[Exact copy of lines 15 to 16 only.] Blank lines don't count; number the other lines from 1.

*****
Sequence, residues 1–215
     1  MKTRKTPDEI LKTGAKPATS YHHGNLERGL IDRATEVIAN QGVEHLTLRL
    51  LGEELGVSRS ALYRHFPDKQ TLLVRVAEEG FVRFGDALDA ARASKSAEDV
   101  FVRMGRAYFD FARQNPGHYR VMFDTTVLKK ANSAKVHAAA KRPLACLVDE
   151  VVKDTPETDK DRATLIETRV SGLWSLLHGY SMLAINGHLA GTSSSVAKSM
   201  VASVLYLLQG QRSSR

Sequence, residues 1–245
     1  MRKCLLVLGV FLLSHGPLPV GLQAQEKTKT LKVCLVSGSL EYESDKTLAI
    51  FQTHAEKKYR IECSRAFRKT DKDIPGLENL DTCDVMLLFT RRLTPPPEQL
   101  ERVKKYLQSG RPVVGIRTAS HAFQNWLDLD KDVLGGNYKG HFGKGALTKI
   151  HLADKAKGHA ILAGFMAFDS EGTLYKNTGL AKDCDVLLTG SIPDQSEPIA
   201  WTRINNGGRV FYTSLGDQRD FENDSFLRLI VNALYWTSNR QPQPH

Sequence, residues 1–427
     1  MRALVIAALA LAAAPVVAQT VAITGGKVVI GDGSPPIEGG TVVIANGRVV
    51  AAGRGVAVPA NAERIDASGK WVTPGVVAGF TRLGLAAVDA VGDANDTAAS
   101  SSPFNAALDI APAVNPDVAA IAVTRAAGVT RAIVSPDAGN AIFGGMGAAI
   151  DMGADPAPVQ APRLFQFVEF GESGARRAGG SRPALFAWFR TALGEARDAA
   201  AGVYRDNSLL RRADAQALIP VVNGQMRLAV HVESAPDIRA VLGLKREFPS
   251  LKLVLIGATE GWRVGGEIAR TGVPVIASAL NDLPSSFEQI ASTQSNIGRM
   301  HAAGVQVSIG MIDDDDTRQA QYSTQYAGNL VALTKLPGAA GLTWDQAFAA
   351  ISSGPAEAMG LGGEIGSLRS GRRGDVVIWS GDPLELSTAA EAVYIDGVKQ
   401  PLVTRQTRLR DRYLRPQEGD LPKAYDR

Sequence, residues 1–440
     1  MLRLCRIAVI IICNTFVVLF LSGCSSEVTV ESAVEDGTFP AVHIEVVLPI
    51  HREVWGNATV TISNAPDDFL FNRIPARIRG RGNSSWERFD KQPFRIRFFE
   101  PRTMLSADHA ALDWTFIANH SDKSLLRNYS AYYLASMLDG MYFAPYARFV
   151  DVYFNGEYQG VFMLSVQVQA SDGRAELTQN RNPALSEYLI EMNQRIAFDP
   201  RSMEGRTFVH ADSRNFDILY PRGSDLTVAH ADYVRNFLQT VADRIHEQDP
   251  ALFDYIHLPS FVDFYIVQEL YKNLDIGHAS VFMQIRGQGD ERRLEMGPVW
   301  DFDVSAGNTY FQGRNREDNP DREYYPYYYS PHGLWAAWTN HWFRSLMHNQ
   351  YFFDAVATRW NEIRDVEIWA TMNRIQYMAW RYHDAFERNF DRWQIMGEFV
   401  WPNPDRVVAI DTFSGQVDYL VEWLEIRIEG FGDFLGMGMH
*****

    51  AAGRGVAVPA NAERIDASGK WVTPGVVAGF TRLGLAAVDA VGDANDTAAS
   101  SSPFNAALDI APAVNPDVAA IAVTRAAGVT RAIVSPDAGN AIFGGMGAAI